The passage is absent from the manuscripts of all ancient versions (Syriac, Coptic, Armenian, Ethiopic, Arabic, Slavonic) except the Latin; and it is not found in the Old Latin in its early form (Tertullian Cyprian Augustine), or in the Vulgate as issued by Jerome and revised by Alcuin. The first reliable Latin text to contain it was written in AD 550. In the revised Greek text underlying the modern versions, 1Jo 5:7 (the Johannine "comma") and all reference to a trinity is obliterated.
The Greek NT (as compiled by modern scholars from the extant mss) omits 1Jo 5:7,8. Literal translation: "Then three [there are] which witness, the spirit and the water and the blood, and these three are the of one.") This verse is now universally recognized as being a later "insertion" of the Church and all recent versions of the Bible, such as the RSV, the NRSV, the NASB, the NEB, the JBP, etc have all unceremoniously expunged this verse from their pages. Why is this? Benjamin Wilson gives the following explanation for this action in his Emphatic Diaglott:
"This text concerning the heavenly witness is not contained in any Greek manuscript which was written earlier than the fifteenth century. It is not cited by any of the ecclesiastical writers; not by any of early Latin fathers even when the subjects upon which they treated would naturally have lead them to appeal to its authority. It is therefore evidently spurious.
"Edward Gibbon explained the reason for the removal of this verse from the pages of the Bible with the following words: 'Of all the manuscripts now extant, above fourscore in number, some of which are more than 1200 years old, the orthodox copies of the Vatican, of the Complutensian editors, of Robert Stephens are becoming invisible; and the two manuscripts of Dublin and Berlin are unworthy to form an exception... The three witnesses have been established in our Greek Testaments by the prudence of Erasmus; the honest bigotry of the Complutensian editors; the typographical fraud, or error, of Robert Stephens in the placing of a crotchet and the deliberate falsehood, or strange misapprehension, of Theodore Beza.'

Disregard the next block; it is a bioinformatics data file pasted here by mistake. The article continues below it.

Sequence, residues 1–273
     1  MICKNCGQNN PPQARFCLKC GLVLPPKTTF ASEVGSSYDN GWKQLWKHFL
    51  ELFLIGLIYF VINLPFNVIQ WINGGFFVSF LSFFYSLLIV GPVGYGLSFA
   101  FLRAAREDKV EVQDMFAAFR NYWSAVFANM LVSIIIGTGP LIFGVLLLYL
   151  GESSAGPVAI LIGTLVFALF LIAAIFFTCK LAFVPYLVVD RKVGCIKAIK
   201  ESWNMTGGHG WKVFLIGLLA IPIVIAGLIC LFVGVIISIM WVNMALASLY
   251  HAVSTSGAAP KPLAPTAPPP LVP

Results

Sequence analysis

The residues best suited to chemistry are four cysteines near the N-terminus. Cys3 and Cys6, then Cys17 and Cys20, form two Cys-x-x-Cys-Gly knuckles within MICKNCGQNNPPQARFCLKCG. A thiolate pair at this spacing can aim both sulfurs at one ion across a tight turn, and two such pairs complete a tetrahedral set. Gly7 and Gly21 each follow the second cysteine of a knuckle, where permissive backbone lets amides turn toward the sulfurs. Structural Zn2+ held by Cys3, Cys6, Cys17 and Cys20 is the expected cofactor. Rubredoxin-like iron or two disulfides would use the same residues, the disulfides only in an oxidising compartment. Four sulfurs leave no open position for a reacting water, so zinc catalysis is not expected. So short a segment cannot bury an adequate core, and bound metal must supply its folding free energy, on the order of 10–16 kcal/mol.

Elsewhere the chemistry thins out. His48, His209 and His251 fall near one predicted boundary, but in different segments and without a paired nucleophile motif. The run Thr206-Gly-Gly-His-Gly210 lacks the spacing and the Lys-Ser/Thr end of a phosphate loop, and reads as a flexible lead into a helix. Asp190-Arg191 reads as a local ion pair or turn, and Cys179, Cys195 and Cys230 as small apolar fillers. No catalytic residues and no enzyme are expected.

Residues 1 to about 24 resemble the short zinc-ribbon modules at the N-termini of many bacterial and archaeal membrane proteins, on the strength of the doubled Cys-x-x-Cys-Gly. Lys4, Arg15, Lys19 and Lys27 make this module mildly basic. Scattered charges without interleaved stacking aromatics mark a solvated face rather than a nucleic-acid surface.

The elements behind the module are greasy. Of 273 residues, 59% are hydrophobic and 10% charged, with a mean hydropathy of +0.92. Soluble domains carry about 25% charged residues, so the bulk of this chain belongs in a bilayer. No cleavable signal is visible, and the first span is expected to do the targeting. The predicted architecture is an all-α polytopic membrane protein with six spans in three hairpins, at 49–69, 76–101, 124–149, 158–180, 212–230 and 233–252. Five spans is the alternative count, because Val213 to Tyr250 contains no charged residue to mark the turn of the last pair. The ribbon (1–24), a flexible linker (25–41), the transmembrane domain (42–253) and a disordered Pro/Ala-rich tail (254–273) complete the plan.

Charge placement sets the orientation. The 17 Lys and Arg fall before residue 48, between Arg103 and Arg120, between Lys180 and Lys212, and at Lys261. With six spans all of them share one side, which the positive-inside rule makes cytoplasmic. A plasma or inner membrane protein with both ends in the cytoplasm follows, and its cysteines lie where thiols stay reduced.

Gibbon was defended in his findings by his contemporary, the brilliant British scholar Richard Porson who also proceeded to publish conclusive proof that the verse of 1Jo 5:7 was only first inserted by the Church into the Bible in the year AD 400. Regarding Porson's powerful evidence, Gibbon later said: "His structures are founded in argument, enriched with learning, and enlivened with wit, and his adversary neither deserves nor finds any quarter at his hands. The evidence of the three heavenly witnesses would now be rejected in any court of justice; but prejudice is blind, authority is deaf, and our vulgar Bibles will ever be polluted by this spurious text."
In fact, they are not. No modern Bible now contains the interpolation. However, just as Gibbon had predicted, the simple fact that the most learned scholars of Christianity now unanimously recognize this verse to be a later interpolation of the Church has not prevented the preservation of this fabricated text in our modern Bibles. To this day, the Bible in the hands of the majority of Christians -- the KJV -- still unhesitantly includes this verse as the "inspired" word of God without so much as a footnote to inform the reader that all scholars of Christianity of note unanimously recognize it as a later fabrication.
Peake's Commentary on the Bible says: "The famous interpolation after 'three witnesses' is not printed even in the RSV, and rightly... No respectable Greek ms contains it. Appearing first in a late 4th-century Latin text, it entered the Vulgate and finally the NT of Erasmus."
Consider what one of the world's leading authorities on the transmission of the NT text (and a staunch Trinitarian!) has to say regarding these verses. After quoting the reading of the KJV in 1Jo 5:7,8, Bruce Metzger, in his Textual Commentary on the New Testament, pages 715-717, says:
"That these words are spurious and have no right to stand in the NT is certain..."